The article examines the legislative activity performed by the executive branch, with regard to Italy. The analysis focuses on two forms of law-making government. The first includes cases in which the Government has adopted substantive laws, such as acts having the force of law, or plays a key role in producing laws. The second refers to cases in which the Government, in its law-making activity, can invade the jurisdiction of other State powers or affect their exercise. The overall framework reveals a truly excessive power on the part of the executive: emergency measures — such as law decrees — are being transformed into ordinary measures, with an ever-decreasing role of the Parliament. This trend was already occurring in past legislatures, but is now significantly evident also due to the pandemic. Parliament must therefore play a more central role, improving its efficiency and procedures. In conclusion, the article suggests possible remedies against the imbalance of the Italian situation, in which Government has become the legislator.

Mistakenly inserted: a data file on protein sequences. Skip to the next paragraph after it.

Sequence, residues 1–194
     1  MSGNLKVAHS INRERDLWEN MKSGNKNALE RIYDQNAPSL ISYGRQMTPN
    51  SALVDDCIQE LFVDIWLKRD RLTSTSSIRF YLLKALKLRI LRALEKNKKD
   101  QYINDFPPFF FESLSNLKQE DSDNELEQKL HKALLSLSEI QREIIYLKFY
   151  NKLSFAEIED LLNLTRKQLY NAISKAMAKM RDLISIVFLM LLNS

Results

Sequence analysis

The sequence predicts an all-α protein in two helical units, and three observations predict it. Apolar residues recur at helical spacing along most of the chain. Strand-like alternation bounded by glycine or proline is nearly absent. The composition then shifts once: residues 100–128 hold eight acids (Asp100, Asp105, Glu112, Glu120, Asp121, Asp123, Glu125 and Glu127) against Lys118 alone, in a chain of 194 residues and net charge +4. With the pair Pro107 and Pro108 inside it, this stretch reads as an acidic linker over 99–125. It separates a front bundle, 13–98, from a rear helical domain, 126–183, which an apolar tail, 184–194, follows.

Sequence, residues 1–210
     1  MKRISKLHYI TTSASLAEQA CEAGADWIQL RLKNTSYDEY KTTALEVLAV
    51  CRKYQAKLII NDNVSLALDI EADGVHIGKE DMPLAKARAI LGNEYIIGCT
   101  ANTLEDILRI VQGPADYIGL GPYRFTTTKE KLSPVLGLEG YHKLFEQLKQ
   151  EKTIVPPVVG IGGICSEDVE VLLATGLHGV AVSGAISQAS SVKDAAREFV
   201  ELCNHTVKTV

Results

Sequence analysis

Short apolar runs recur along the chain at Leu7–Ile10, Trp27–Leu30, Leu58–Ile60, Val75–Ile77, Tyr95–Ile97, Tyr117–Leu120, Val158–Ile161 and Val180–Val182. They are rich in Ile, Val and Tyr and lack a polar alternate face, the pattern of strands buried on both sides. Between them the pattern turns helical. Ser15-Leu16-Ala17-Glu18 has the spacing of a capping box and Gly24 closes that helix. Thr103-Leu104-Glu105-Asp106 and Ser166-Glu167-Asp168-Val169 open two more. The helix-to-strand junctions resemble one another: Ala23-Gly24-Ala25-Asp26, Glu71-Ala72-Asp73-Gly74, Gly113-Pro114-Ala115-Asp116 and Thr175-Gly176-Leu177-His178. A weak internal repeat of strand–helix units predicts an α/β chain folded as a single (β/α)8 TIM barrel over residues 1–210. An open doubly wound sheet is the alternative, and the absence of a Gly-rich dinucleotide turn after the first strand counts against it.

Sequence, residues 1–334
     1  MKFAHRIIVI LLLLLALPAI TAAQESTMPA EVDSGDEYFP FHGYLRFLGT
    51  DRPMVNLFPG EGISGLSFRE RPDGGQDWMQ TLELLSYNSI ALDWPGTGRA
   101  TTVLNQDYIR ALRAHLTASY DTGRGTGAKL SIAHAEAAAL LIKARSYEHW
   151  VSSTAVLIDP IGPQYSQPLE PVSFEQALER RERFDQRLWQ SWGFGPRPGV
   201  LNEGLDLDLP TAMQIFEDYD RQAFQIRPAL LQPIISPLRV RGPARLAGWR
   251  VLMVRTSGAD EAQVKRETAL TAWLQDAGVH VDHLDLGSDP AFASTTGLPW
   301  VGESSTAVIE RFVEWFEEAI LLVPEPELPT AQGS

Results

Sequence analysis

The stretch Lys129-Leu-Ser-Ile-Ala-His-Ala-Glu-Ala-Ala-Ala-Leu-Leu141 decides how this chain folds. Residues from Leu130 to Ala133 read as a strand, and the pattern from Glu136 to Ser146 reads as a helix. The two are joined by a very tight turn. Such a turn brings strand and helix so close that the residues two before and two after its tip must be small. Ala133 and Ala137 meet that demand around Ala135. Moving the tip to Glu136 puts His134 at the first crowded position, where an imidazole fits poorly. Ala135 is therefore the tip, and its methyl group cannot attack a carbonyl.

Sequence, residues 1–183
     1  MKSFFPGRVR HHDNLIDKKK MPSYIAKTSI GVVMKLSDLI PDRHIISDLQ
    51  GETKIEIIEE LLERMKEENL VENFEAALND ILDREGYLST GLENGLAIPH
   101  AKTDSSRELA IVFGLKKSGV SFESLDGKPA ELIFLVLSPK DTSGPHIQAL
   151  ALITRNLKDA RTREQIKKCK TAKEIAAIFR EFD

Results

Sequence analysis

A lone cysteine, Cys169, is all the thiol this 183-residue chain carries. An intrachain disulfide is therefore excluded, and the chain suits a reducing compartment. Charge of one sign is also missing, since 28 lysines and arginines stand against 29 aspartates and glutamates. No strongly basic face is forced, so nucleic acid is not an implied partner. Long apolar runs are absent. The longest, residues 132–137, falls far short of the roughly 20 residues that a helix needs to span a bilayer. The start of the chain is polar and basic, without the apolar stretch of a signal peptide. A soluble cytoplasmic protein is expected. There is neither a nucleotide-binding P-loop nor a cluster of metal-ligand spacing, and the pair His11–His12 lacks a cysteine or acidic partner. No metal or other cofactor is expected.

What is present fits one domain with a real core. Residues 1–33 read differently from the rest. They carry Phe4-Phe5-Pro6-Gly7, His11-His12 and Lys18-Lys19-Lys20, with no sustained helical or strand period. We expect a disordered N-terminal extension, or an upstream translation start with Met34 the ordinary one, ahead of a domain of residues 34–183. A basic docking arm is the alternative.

The Law-Making Government
By Lorenzo Casini